Do I think the timing of her public announcement of her diagnosis has anything to do with her being paid as a spokesperson for Noro Novodisk, a prominent diabetes pharmaceutical company? Yes, probably. I understand wanting to wrap your head around a big health diagnosis before sharing it. And honestly, it’s a personal decision whether to even share it with the world. However, it does seem very coincidental that there was already a paid promotional opportunity lined up. But Paula, and all of us, are in a business world. If you were offered money to talk about a health issue you had, would you take it? Maybe or maybe not - but it’s not surprising that some choose to. When the cast of the Jersey Shore is making money getting trashed and sleeping around, I’d say Paula’s decision to accept an offer to be the face of diabetes is less reprehensible.
At the heart of all this talk, I think it brings to light an important issue - at some point, each one of us needs to take an honest look at our personal choices and assess whether it may impact our health. Personal responsibility is an essential component of diet and lifestyle. We can sue McDonald’s all we want for making people obese, claim that restaurant’s oversized portions are causing us to gain weight, or pick brownies over fruit because it tastes better – but we are the ones stepping in the door to those places, ordering those foods, and choosing those snacks. Some of us are in situations where it is more difficult to make healthy choices (lack of money, lack of affordable fresh foods, unsafe neighborhoods, etc) – but all of us have some control and willpower over our health.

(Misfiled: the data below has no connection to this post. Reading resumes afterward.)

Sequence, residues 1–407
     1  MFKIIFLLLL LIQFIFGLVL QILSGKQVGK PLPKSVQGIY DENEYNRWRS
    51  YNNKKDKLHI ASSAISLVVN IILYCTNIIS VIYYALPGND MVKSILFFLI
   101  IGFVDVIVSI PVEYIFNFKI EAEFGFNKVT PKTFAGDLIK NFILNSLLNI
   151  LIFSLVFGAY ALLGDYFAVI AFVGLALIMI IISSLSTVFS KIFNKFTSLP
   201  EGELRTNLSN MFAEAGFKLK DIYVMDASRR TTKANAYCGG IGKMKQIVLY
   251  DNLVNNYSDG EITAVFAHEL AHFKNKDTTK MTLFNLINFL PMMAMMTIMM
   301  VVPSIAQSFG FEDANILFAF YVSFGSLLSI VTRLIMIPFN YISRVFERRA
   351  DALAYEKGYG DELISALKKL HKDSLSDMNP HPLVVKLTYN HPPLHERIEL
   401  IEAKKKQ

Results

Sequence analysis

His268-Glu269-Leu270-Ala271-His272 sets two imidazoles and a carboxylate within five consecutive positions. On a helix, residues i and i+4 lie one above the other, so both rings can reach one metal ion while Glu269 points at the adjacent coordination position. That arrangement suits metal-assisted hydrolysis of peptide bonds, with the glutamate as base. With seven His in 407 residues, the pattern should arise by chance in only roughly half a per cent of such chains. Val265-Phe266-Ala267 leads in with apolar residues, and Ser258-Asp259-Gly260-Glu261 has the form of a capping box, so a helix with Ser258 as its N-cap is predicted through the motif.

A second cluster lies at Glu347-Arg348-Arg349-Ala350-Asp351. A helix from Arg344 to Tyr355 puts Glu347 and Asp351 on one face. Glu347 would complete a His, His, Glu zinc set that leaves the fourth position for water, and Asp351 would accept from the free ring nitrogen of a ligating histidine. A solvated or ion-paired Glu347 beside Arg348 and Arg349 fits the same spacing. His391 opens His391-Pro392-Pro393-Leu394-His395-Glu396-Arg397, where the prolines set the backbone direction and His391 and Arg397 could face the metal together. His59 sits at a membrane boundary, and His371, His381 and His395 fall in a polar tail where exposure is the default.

On a final note - I am always one for empowering people. I’m a supporter of healthy choices, positive body images, and increasing self-efficacy for making healthy choices. Let’s pause from knocking Paula, and acknowledge that she brings the issue of personal responsibility to light. Let’s take a look at our own behaviors and choices. No one is perfect, myself included. Let’s encourage Paula to change her lifestyle while we work to do the same.
Healthy Weight Week
is in full swing, running from 1/15/12 to 1/21/12. It’s a week dedicated to promoting healthy methods of obtaining a proper body weight. Healthy Weight Week also supports avoiding fad diets – they even named today “Rid the world of Fad Diets & Gimmicks Day!” Fad diets are those crazy diet plans that promise you unattainable results in short periods of time. If any of the statements below sound familiar, keep reading for tips on avoiding these fad diet crazes!
Drink only cayenne pepper and lemon juice!
Our bodies need a proper balance of all nutrients and food groups – that’s what makes it run properly. If a diet is asking you to cut out entire groups of foods or nutrients, it’s not a healthy choice. Not to mention many diets which cut out excessive numbers of foods are likely to be too low in calories, which can slow down your metabolism and sabotage your long term weight loss efforts.